While serving in the House in 2019, current Interior Secretary Deb Haaland, an enrolled member of the Laguna Pueblo tribe, called for a review of the Capitol’s artwork to document his “racist stereotypes about Native Americans”. The Capitol Architect, the agency responsible for the Capitol’s art, has set up a website listing some of the images of Native Americans in the building, but there is no indication so far that any of these artwork will be removed. The project would indeed be complex, since Native American figures appear so often in the decorations of the Capitol in the middle of the 19th century, ranging from the carved panels on the doors of the Rotunda, its paintings, including John Chapman’s “Baptism of Pocahontas” in 1840, the massive carvings on the entrance to the Senate Building and even the clock telling the time in the Chamber. In his book Art and Empire, the scholar Vivien Green Fryd points out that these Native Americans, “relegated to shadows and borders”, are almost always represented in positions of helplessness. They crouch, kneel, slump or sit in desperate contemplation of their children, symbolizing the impending extinction of their species.

The frieze shows the death in 1813 of Shawnee chief Tecumseh, who formed inter-tribal coalitions to fight the settlers. Tecumseh is pictured collapsed to the ground under Richard Mentor Johnson.

Capitol Architect

Lawyer Brett Chapman, a member of the Pawnee tribe and descendant of Chief Standing Bear, pointed me to a section of the painted frieze surrounding the rotunda. The frieze shows the death in 1813 of Shawnee chief Tecumseh, who formed inter-tribal coalitions to fight the settlers. Tecumseh is shown crumpled to the ground beneath his assassin, Richard Mentor Johnson (later to become Vice President under Martin Van Buren), who rides a horse that rears up triumphantly. Chapman asked me to imagine if the frieze instead showed “Martin Luther King with a bullet wound to the head, with the murderer standing directly above him”. For Chapman, celebrating the death of King or Tecumseh is “the same thing”: a glorification of the oppression of Americans of color.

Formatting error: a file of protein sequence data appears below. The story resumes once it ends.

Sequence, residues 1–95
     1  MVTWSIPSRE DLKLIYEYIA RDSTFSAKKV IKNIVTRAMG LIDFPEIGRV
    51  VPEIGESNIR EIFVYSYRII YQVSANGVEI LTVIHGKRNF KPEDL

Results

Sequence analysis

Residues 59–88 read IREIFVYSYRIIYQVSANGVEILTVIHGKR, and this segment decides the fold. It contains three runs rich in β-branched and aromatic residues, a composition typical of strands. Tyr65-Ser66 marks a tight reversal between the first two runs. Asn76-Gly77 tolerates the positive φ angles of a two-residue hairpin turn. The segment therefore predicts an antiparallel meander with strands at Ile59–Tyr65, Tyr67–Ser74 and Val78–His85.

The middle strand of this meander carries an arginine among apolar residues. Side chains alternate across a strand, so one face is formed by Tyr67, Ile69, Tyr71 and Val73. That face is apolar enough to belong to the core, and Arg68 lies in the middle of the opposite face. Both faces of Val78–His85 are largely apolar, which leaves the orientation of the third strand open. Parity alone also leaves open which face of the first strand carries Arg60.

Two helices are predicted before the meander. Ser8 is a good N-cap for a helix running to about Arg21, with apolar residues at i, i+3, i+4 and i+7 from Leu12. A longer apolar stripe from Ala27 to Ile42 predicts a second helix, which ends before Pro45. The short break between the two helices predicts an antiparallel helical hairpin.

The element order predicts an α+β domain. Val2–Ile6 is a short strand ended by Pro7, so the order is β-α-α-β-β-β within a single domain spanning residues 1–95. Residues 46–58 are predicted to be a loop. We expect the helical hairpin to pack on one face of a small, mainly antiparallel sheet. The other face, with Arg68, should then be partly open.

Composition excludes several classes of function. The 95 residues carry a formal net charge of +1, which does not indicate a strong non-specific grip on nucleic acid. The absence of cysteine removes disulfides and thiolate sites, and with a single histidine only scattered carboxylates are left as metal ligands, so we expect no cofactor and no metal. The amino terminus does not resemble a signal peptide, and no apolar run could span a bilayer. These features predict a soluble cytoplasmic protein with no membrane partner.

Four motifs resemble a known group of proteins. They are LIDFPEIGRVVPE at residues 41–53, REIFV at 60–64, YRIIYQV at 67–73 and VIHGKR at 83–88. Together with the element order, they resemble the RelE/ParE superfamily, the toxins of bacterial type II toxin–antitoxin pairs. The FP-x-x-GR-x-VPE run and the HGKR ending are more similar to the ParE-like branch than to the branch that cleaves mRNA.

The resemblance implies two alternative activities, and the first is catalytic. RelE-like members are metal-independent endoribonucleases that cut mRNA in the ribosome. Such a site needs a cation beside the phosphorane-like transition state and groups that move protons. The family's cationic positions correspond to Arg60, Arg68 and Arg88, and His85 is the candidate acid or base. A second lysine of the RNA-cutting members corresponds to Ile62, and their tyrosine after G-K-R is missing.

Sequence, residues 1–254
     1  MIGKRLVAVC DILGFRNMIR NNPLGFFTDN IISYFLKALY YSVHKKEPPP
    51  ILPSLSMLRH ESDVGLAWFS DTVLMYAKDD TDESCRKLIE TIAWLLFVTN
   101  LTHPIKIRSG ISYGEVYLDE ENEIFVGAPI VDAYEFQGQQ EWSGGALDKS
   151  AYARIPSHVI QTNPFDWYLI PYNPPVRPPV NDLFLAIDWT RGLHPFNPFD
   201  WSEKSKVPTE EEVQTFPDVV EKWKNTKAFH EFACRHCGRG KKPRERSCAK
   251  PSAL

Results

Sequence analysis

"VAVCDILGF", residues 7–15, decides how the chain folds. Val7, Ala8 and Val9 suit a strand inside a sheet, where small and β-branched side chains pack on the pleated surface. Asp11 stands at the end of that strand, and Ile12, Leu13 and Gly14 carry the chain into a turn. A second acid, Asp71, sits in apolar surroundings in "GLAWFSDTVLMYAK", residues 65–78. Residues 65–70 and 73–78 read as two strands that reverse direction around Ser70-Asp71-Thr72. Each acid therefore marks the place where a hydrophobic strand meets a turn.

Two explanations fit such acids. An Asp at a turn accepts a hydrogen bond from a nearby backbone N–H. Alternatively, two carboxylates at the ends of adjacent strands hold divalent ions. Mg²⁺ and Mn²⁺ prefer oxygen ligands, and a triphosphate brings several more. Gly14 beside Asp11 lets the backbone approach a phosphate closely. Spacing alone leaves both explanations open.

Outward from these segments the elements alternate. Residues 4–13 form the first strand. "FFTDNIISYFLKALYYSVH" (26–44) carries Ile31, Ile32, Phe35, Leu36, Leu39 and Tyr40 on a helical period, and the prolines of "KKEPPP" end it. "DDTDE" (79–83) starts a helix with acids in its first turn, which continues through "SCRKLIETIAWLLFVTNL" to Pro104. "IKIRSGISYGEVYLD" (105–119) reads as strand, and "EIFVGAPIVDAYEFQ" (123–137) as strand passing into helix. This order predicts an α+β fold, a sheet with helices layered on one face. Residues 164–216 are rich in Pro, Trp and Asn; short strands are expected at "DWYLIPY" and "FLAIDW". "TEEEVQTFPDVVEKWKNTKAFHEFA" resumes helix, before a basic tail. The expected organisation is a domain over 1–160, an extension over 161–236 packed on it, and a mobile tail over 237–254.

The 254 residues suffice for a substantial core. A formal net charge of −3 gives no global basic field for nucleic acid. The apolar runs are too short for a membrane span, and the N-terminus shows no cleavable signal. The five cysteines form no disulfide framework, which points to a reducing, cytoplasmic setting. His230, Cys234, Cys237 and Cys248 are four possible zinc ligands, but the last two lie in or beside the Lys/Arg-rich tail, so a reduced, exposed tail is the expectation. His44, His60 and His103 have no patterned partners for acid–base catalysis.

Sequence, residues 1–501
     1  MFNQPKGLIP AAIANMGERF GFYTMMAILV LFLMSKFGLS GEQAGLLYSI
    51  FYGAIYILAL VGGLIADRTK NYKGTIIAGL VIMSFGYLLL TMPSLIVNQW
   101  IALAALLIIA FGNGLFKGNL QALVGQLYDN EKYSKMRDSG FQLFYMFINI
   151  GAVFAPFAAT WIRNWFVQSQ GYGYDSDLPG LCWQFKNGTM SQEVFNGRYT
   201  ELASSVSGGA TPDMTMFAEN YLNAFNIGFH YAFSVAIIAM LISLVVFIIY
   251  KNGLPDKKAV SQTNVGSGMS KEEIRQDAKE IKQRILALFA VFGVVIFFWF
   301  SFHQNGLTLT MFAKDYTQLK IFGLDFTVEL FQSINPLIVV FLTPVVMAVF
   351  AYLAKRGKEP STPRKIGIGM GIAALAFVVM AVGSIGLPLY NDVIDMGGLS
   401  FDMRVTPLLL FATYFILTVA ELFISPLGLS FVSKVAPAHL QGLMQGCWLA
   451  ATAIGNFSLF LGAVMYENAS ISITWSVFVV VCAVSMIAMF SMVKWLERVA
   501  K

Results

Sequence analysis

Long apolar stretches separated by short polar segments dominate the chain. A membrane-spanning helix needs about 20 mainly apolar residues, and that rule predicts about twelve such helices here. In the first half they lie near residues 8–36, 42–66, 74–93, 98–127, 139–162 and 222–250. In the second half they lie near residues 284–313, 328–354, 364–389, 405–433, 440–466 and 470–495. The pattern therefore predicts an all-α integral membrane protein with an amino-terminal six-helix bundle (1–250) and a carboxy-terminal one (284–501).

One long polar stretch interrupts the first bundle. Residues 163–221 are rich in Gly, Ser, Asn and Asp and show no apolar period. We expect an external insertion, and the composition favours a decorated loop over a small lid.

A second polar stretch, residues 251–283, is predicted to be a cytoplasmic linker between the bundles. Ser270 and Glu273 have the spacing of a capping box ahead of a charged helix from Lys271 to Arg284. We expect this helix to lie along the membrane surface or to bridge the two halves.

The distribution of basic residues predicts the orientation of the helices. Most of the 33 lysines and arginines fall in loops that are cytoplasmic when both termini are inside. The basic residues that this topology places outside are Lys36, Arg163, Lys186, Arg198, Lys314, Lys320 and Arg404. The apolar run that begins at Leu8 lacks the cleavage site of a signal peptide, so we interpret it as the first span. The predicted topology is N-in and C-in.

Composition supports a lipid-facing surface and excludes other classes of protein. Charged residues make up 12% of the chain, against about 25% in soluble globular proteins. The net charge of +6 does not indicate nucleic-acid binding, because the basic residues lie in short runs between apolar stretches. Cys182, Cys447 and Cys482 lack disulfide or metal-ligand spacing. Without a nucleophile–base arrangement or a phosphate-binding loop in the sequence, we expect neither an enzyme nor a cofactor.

Chapman said he noticed so many images of dying Native Americans in public art that they no longer saddened him. He finds the mundane banality of these images far more horrifying than their content. But looked at another way, there aren’t really any Native Americans in the Capitol’s historic artwork. That’s because the artists have assembled a hodgepodge of generic “Indian” accessories, mixing tomahawks, feathers and furs, disregarding the usual appearance of any particular tribe.

Even though the Capitol artists did not care about Native American culture, they were often very interested in Native American bodies. While researching for my book on American monuments, I found letters written by several of these artists about how to obtain Native American skulls. They believed that the skulls of different races had a different shape – and that they needed to correct for these differences if they wanted their artwork to show why a seemingly powerful Native American warrior would crumble to the ground in front of a white opponent.

Read more:What should replace Confederate monuments that have fallen?